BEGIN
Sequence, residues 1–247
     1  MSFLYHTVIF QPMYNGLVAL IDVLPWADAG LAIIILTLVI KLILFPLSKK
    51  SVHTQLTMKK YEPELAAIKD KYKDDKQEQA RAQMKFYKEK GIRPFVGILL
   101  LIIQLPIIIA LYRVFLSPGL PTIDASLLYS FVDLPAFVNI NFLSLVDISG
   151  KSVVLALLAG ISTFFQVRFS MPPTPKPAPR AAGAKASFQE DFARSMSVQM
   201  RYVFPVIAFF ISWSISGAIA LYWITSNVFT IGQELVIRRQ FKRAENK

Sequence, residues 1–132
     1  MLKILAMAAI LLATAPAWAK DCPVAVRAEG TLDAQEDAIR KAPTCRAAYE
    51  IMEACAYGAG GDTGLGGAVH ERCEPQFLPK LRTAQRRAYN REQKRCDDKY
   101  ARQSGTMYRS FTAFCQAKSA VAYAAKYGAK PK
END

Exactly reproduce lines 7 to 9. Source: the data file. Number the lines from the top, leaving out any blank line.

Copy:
Sequence, residues 1–132
     1  MLKILAMAAI LLATAPAWAK DCPVAVRAEG TLDAQEDAIR KAPTCRAAYE
    51  IMEACAYGAG GDTGLGGAVH ERCEPQFLPK LRTAQRRAYN REQKRCDDKY